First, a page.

“Iago’s Curse” and other poems by Liza McAlister Williams

September Tenth, 2001

Outside the store, at the sidewalk sale,
the breeze lifts each dress again
as the shop girl tries to smoothen them:
musses the chic brown challis pleats,
ruffles the flamestitch voile
whose turquoise and chartreuse V’s
seem borrowed from another day.
Sun, when it shines on this scene,
is playful, peeping between
steely clouds whose sky business
does not admit playfulness.
The baking, lazy summer’s over –
the long summer when the towers
that are about to fall amidst us in ruins
have so far felt and withstood only
the earliest tremors of their collapse.


(after Kevin Young)

Rain popping on the air conditioner
like hail on a tin roof

like a handful of pebbles against a window
like the pinging of a car engine cooling off –

you can make a story to explain
being alone again on a drenching night:

a hobo curled in the hay
of another anonymous barn

a virgin with cold feet
ignoring the signal to elope

a travelling salesman
out of gas in Barstow CA –

the story makes no difference
when the ending is the same. 

Hit and Run

A brown curled leaf that clings to the winter oak
long past its season’s close is a lingering sign
of the cycle’s natural end. But when she phoned,
her voice ragged with tears, and choked through sobs
the name of her young friend, the hand of panic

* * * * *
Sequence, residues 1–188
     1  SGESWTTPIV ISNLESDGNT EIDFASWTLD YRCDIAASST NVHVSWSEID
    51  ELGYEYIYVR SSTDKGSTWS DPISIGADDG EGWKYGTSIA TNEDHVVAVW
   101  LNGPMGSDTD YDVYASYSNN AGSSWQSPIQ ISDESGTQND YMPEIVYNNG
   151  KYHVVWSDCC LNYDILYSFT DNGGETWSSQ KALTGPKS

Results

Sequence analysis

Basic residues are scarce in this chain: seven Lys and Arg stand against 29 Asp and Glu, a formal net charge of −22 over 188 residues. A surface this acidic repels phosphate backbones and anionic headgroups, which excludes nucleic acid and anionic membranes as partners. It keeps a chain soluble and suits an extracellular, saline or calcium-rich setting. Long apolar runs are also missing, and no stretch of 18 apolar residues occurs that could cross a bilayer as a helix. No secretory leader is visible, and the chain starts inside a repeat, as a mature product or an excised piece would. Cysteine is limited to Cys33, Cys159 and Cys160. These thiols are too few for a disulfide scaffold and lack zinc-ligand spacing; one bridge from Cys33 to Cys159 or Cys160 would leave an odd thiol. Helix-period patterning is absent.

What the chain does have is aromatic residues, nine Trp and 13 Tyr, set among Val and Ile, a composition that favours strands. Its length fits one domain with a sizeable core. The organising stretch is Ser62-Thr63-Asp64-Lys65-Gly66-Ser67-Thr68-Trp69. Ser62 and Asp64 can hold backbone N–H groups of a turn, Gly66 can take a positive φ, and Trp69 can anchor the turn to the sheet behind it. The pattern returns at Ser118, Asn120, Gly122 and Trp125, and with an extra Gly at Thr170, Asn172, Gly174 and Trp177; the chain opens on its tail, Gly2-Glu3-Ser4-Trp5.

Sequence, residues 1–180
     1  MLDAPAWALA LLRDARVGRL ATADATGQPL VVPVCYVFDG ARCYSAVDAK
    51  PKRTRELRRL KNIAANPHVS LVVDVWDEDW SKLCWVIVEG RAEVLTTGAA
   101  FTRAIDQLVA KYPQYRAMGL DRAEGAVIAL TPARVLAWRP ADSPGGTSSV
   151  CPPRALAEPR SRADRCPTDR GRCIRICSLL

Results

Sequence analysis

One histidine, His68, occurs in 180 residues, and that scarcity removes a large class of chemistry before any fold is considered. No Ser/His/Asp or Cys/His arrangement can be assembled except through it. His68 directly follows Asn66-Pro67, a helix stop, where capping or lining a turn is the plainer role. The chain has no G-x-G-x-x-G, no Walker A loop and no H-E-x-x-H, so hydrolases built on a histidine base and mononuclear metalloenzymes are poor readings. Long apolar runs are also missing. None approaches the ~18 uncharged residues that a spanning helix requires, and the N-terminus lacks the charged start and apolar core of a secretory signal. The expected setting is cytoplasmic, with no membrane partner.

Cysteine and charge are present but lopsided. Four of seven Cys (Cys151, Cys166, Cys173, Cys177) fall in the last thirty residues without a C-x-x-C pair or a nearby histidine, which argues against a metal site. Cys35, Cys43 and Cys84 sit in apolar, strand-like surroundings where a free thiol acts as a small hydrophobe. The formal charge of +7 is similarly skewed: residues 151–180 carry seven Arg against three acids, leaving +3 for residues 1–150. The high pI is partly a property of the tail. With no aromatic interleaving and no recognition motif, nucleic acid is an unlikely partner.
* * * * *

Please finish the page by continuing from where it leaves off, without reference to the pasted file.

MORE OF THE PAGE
laid its icy finger on my neck.

This seasonless attack on order’s wrecked
the borders we’ve protected: it’s a force
unforeseen – death seeps between the seams
of the earth, its garden smell of mulch and mould,
one inconsistent note mixed with the old:
of twig and leaf in newly sundered green.

Déjà Vu

Something shifting low in my gut tonight,
an air bubble from the lentil soup,
made me suddenly think of you,
how we’d lie together curled in sleep
and, turning, you knocked your elbow
or knee peremptorily against the inside of me.

Now that I’ve known you for twenty years
I smile to think of your string-bean limbs
and your purposeful disposition even then,
the two recently married and trying
to get along in the tight quarters of my womb,
and you and I too, not yet having formally met.

Iago’s Curse


I mine own gain’d knowledge should profane,
If I would time expend with such a snipe
But for my sport and profit.
                                                                          Othello I iii lines 384-6

They met together after a long time
and, as from separate dreams, awoke
from their ideal worlds of Art and Rhyme
to see around them loss, decay and crime.

“There will always be another test,”
one thought, and nearly spoke,
as she lightly, secretly caressed
the absence of the aching, missing breast.

The other knew a different way to lose:
a child, in thrall to greed; broke;
drowning his qualms in power and booze,
hate, for ‘sport and profit,’ as his muse.

They heard, somewhere around them, out of sight,
the heavy sounds – from chestnut, and from oak,
from the great elms with their hopeless blight –
of limbs falling, falling in the night.

Iago’s Curse and other poems are © Liza McAlister Williams

DSC04180Liza McAlister Williams has taught writing and literature at Pratt Institute in Brooklyn, New York, for many years, finding that poetry is a bridge-builder to the artistic process of art and design students. She and her husband have raised two daughters amidst the pleasures and challenges of old-house-living and urban gardening. She writes creative non-fiction, poetry and children’s poems. Her work has appeared in a number of journals, including Measure, Blue Unicorn, New Hopkins Review, and Light, and she was a runner-up several years ago in the Howard Nemerov sonnet competition.
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